Yeah, Bunt I Wouldnâ€™t Have Bunted
That, ladies and gents, was the most scintillating, entertaining four-game split in the history of The Ballpark.
What we saw: The Rangers almost rally from down 8-0 in Game 1. A surprisingly stellar start by rookie Matt Harrison as the Rangers hold on for a 3-2 win in Game 2. Josh Hamiltonâ€™s walk-off homer off impeccable closer Francisco Rodriguez in Game 3. And last night, the Rangers erased a 10-4 deficit only to lose 11-10 in 11 innings when the best-hitting team in baseball inexplicably fell in love with the bunt.
What we learned: Max Ramirez is a stud. Hamilton isnâ€™t a mirage. The Rangers are gritty and fun to watch and, best of all, legit.
But just think how good youâ€™d feel if theyâ€™d have taken three of four and were within 5 Â˝ this morning.
Trailing by one in the bottom of the 11th, Brandon Boggs draws a lead-off walk. Despite Ramirez tying the game earlier with a two-run homer, manager Ron Washington has him bunt in an attempt to move the tying run to second. Eh, I donâ€™t love the move, but itâ€™s a solid, defendable baseball decision.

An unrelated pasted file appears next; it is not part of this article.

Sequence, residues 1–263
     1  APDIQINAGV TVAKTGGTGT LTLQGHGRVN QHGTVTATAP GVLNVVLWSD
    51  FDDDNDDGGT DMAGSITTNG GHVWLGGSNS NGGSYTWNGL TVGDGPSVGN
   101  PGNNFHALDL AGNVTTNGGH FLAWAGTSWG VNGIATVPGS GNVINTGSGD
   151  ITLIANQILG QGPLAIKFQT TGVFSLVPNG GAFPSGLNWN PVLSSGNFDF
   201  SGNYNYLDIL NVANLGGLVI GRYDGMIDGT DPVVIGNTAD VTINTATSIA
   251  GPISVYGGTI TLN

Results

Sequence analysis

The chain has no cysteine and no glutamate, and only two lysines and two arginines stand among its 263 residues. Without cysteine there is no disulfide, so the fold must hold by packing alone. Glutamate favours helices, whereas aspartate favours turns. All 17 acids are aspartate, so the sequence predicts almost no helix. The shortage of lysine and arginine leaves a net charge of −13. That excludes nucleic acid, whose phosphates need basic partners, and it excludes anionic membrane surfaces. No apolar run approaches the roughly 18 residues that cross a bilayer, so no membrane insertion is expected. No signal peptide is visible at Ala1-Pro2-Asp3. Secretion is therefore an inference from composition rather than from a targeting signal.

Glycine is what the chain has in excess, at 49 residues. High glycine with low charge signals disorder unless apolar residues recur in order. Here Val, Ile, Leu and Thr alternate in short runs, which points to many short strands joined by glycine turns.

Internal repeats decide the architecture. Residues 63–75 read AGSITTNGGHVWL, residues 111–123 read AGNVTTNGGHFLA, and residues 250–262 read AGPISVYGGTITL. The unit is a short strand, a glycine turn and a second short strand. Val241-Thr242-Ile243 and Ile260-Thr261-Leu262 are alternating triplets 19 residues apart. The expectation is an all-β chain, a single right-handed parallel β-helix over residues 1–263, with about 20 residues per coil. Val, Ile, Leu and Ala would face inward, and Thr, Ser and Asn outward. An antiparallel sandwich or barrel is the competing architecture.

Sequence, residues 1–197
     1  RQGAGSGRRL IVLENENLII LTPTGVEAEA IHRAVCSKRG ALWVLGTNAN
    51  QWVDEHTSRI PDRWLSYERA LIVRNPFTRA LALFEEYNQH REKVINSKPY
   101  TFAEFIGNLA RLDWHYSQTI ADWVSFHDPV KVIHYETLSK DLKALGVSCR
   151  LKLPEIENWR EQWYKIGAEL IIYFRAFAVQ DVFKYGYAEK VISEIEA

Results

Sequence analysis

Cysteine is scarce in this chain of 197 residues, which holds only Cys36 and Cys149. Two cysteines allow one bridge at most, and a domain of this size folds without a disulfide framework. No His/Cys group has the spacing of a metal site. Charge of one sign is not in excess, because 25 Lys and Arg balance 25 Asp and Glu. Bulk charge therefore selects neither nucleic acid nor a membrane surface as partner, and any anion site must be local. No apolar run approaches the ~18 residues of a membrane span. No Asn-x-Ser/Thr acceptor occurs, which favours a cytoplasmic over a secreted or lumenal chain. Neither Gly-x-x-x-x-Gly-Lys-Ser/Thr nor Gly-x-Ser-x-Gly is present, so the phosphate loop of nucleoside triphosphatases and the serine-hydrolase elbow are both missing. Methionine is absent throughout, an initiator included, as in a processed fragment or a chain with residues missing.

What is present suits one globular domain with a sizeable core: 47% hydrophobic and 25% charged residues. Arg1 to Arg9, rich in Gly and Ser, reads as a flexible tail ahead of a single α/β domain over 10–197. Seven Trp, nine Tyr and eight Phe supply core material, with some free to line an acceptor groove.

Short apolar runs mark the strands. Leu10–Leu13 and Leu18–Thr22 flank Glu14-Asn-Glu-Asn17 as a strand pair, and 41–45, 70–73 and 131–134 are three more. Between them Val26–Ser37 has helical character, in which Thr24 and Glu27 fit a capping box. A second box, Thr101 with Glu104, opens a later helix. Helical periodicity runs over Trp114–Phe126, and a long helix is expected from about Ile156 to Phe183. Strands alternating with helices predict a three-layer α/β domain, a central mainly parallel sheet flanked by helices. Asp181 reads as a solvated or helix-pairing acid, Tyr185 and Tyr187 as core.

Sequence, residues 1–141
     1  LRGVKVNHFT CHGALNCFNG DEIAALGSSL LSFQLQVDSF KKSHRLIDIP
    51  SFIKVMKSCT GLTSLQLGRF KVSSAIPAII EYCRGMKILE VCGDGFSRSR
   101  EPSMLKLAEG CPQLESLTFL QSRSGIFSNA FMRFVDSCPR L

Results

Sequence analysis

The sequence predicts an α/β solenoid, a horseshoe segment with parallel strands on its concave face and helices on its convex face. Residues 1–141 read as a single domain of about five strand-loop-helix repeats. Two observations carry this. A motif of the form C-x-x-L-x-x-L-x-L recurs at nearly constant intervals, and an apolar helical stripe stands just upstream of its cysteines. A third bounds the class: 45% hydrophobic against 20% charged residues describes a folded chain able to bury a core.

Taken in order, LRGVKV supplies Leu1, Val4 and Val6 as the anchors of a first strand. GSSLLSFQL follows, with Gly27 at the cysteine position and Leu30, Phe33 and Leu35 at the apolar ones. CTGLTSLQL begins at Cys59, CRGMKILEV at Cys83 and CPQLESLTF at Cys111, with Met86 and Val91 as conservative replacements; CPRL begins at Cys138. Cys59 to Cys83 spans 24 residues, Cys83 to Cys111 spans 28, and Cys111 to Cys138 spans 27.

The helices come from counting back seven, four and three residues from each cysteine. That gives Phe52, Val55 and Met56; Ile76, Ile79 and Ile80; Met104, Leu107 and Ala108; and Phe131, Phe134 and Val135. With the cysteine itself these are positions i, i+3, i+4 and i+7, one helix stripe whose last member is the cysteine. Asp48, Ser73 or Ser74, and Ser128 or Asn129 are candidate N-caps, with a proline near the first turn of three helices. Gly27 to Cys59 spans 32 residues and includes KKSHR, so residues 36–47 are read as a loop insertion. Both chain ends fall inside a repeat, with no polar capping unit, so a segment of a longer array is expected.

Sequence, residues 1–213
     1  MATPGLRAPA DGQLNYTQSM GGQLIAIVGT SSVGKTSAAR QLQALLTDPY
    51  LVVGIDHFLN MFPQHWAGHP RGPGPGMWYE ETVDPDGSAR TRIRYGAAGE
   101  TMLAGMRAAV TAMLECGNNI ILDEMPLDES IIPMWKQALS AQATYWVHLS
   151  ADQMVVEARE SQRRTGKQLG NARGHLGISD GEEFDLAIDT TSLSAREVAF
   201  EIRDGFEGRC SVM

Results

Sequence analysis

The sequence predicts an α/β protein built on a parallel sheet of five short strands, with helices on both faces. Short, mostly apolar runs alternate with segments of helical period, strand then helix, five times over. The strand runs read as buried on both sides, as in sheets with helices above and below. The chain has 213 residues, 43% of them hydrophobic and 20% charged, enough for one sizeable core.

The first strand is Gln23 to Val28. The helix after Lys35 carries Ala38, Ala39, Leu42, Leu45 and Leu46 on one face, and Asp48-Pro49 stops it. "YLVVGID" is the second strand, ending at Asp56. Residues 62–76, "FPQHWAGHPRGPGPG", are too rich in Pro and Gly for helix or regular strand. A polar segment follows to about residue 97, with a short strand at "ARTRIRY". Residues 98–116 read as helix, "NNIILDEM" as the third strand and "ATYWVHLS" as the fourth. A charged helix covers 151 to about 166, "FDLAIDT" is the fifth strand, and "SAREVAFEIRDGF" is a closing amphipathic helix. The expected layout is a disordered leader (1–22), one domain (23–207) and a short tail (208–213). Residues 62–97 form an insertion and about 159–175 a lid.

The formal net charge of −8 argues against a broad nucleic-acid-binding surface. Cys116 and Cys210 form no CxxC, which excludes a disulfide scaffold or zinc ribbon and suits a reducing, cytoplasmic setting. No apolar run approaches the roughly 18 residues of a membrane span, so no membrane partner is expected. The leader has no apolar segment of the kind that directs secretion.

Ramirez pops up the bunt, but K-Rod throws wildly to second, putting runners and first and second with no outs. Which brings up Ian Kinsler, the American Leagueâ€™s leading hitter. The Rangers are one swing from tying this thing or perhaps even â€¦
I know itâ€™s hindsight, and if Kinsler executes the bunt â€“ he popped out to K-Rod trying â€“ youâ€™ve got the tying and winning runs in scoring position with Michael Young and Hamilton coming up. Maybe itâ€™s just me, but I want Kinsler, Young and Hamilton to all have some hacks with the game on the line.
Taking the bat out of the hands of the planetâ€™s hottest hitter just doesnâ€™t make sense. Does it? -- Richie Whitt